Yesterday, when I read the news that there was a gas leak explosion in the neighborhood that was my home of twenty years, New York’s East Village, I gasped. Three buildings caught fire and collapsed. This bullet point in the Daily Mail headline haunts me: Nicholas Figueroa, 23, who was on a date at a sushi restaurant and Moises Lucon, who worked there, have been reported missing.

east village coffee shop (c) 2009 Holly TroyFire was one of my greatest fears when I lived in the city. There is nothing like the sinking feeling of walking home and seeing firetrucks on your block, or a friend’s block. How quickly fire can spread on those tenement buildings pressed up against one another.

Of course, fire is a big issue here as well. I’ve experienced two forest fires, and both times, have had friends whose homes came close to being swallowed up. Last year, when I first started dating my boyfriend, I helped him evacuate his home. The landscape was eerie and strangely beautiful, overcome with the haze of smoke and (not so) distant glow of fire.

I wrote the poem above in response to 9/11. After the attack, walking by a fire station was like walking through a pocket of sorrow – the weight of sadness in the air was palpable. So much loss. Whenever I’d see a firetruck, I was overwhelmed  by the faces of the men inside. Just, oh – I wish 9/11 never happened.

riding the changes

This summer has been a wild journey. I’m exhausted – but mostly in a good way.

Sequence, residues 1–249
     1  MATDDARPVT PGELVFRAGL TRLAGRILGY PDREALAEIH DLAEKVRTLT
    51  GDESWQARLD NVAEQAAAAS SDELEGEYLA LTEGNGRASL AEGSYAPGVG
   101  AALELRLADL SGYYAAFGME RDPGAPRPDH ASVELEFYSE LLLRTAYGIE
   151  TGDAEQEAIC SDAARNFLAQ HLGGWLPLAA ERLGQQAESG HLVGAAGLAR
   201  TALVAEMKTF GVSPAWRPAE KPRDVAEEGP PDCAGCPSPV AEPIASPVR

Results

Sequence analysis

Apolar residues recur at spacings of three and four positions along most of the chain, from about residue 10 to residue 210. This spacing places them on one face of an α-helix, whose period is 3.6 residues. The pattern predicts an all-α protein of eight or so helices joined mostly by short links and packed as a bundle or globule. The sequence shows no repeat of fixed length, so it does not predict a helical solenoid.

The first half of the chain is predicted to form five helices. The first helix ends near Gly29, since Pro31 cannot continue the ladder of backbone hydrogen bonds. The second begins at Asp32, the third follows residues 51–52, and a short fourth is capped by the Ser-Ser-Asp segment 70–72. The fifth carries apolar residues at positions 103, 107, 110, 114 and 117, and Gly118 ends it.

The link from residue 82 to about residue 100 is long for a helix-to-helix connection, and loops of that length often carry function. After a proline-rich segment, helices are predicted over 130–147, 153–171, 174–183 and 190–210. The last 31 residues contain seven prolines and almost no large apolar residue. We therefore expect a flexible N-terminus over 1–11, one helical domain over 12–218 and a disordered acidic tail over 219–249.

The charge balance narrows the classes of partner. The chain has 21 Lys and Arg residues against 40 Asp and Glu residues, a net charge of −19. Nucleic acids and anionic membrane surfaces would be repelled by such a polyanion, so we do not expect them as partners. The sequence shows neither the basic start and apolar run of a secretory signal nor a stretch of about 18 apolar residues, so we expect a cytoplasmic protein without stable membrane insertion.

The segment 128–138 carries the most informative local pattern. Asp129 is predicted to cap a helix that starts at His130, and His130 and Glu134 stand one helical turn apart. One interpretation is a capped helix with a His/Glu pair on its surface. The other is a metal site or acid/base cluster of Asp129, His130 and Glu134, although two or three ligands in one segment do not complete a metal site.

Helianthus annuus mark the peak and the ending of summer.
Helianthus annuus mark the peak and the ending of summer.

I’m assessing my life, love, career, home, and the next moves forward. I guess it’s natural this time of year. Life feels like it’s reflecting the season in transition. In Flagstaff the days are perfect right now, but they are getting shorter. The lobster mushrooms were bursting from beneath pine needles and stones on the sides of the trails I was riding this afternoon. (I ate some sauteed in butter today – delicious!) Fall is coming.

This week, High Mesa Yoga starts up. Tuesday and Thursday evenings are going to be full-on with yogic energy. I’m preparing the space. Smudging. Bringing in more good vibes. It’s a shift from using all available light to ride up the mountain. Turning-inward energy.

While going through my things, I found this poem. I wrote it in 2005 while living in New York City. I made a couple of edits. It’s a play off of a poem by John Ashbury.

Ride

He smelled good to me, so I wanted to taste,
put him in my mouth,
while light softly glowed through green curtains
then, his moss eyes. He didn’t know what I was thinking.